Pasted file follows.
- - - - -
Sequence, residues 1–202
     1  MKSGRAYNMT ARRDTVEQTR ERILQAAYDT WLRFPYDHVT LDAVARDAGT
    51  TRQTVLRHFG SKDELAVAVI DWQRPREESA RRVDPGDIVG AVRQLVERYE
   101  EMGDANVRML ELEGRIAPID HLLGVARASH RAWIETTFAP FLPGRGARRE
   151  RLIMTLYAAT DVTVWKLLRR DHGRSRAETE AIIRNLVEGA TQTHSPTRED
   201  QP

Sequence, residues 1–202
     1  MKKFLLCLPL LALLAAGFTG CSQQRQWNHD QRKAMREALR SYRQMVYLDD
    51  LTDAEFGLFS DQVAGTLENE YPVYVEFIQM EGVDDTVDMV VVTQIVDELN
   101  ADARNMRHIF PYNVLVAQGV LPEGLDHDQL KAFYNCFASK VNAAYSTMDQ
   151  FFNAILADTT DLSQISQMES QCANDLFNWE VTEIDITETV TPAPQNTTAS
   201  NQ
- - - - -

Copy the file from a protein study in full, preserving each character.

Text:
Sequence, residues 1–202
     1  MKSGRAYNMT ARRDTVEQTR ERILQAAYDT WLRFPYDHVT LDAVARDAGT
    51  TRQTVLRHFG SKDELAVAVI DWQRPREESA RRVDPGDIVG AVRQLVERYE
   101  EMGDANVRML ELEGRIAPID HLLGVARASH RAWIETTFAP FLPGRGARRE
   151  RLIMTLYAAT DVTVWKLLRR DHGRSRAETE AIIRNLVEGA TQTHSPTRED
   201  QP

Sequence, residues 1–202
     1  MKKFLLCLPL LALLAAGFTG CSQQRQWNHD QRKAMREALR SYRQMVYLDD
    51  LTDAEFGLFS DQVAGTLENE YPVYVEFIQM EGVDDTVDMV VVTQIVDELN
   101  ADARNMRHIF PYNVLVAQGV LPEGLDHDQL KAFYNCFASK VNAAYSTMDQ
   151  FFNAILADTT DLSQISQMES QCANDLFNWE VTEIDITETV TPAPQNTTAS
   201  NQ